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In re Ivarsson

The Supreme Court of Washington. En Banc
Oct 30, 1962
60 Wn. 2d 733 (Wash. 1962)


In Ivarsson the court had for consideration the invasion of a trust of approximately two and one-half million dollars which had been established for the benefit of a minor child.

Summary of this case from Nielsen v. Nielsen


No. 36244.

October 30, 1962.

GUARDIAN AND WARD — APPEAL AND ERROR — RIGHT OF REVIEW — PERSONS ENTITLED — NEXT FRIEND. In proceedings involving the estate of a person under disability, the owner of the estate is an interested person entitled to appeal from orders directing payments from the estate; and where such person, because of his disabilities, is unable to exercise his right of appeal, an appeal may be brought in his behalf by a "next friend".

SAME — APPEAL AND ERROR — RIGHT OF NEXT FRIEND TO APPEAL — APPOINTMENT OF GUARDIAN AD LITEM — EFFECT. The Supreme Court will not dismiss a meritorious appeal by a "next friend" in a guardianship proceeding simply because a guardian ad litem, who has the right to bring such an appeal, has been appointed; and when some phase of a guardianship proceeding is before the court, it will act sua sponte to protect the apparent interests of the ward, since the Supreme Court will not permit the ordinary rules of civil procedure to prevent meritorious appeals involving the rights and property of minors and incompetents.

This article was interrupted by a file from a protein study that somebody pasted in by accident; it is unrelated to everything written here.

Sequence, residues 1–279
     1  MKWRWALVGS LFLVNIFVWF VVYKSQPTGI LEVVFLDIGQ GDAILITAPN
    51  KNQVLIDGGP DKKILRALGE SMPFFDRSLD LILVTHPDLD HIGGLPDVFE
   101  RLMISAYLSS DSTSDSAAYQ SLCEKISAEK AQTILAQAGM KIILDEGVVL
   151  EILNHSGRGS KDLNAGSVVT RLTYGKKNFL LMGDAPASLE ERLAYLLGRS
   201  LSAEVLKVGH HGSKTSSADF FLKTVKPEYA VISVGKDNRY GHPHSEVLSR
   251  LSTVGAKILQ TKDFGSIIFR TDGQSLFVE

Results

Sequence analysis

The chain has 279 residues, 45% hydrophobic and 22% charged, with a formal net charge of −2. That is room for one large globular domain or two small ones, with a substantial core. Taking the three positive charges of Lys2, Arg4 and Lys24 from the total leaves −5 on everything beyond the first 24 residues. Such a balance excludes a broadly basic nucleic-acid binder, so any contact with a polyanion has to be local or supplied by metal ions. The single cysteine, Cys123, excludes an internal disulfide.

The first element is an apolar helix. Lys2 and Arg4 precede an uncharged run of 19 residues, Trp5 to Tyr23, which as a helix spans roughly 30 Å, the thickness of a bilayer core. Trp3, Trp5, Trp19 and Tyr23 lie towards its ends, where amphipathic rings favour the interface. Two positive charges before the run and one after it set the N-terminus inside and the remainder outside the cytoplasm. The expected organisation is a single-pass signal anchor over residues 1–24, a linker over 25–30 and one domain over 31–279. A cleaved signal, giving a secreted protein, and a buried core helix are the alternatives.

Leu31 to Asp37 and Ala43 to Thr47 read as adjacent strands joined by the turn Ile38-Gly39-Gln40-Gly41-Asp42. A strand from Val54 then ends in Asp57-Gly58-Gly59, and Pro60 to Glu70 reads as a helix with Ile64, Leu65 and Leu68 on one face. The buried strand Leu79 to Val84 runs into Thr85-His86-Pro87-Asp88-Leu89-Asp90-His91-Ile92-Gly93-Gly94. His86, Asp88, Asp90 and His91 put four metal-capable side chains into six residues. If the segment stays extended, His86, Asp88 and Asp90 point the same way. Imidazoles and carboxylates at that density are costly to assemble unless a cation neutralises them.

SAME — APPEAL AND ERROR — DISMISSAL — GROUNDS — FRIVOLOUS APPEALS. Where an appeal from a guardianship proceeding has been brought by a "next friend" for the purpose of harassing and embarrassing the administration of the estate, or where the appeal is otherwise frivolous, the appeal is subject to a motion to dismiss.

SAME — APPEAL AND ERROR — MERITORIOUS APPEAL BY NEXT FRIEND. The Supreme Court denied a motion to dismiss an appeal by the grandmother of a minor, from an order in guardianship proceedings disbursing funds from the minor's estate, where the grandmother was held to be a proper "next friend" in view of those persons who would normally be "next friends" being in an adverse position and having a conflict of interest, and the issues presented by the appeal were held to be issues which should be determined.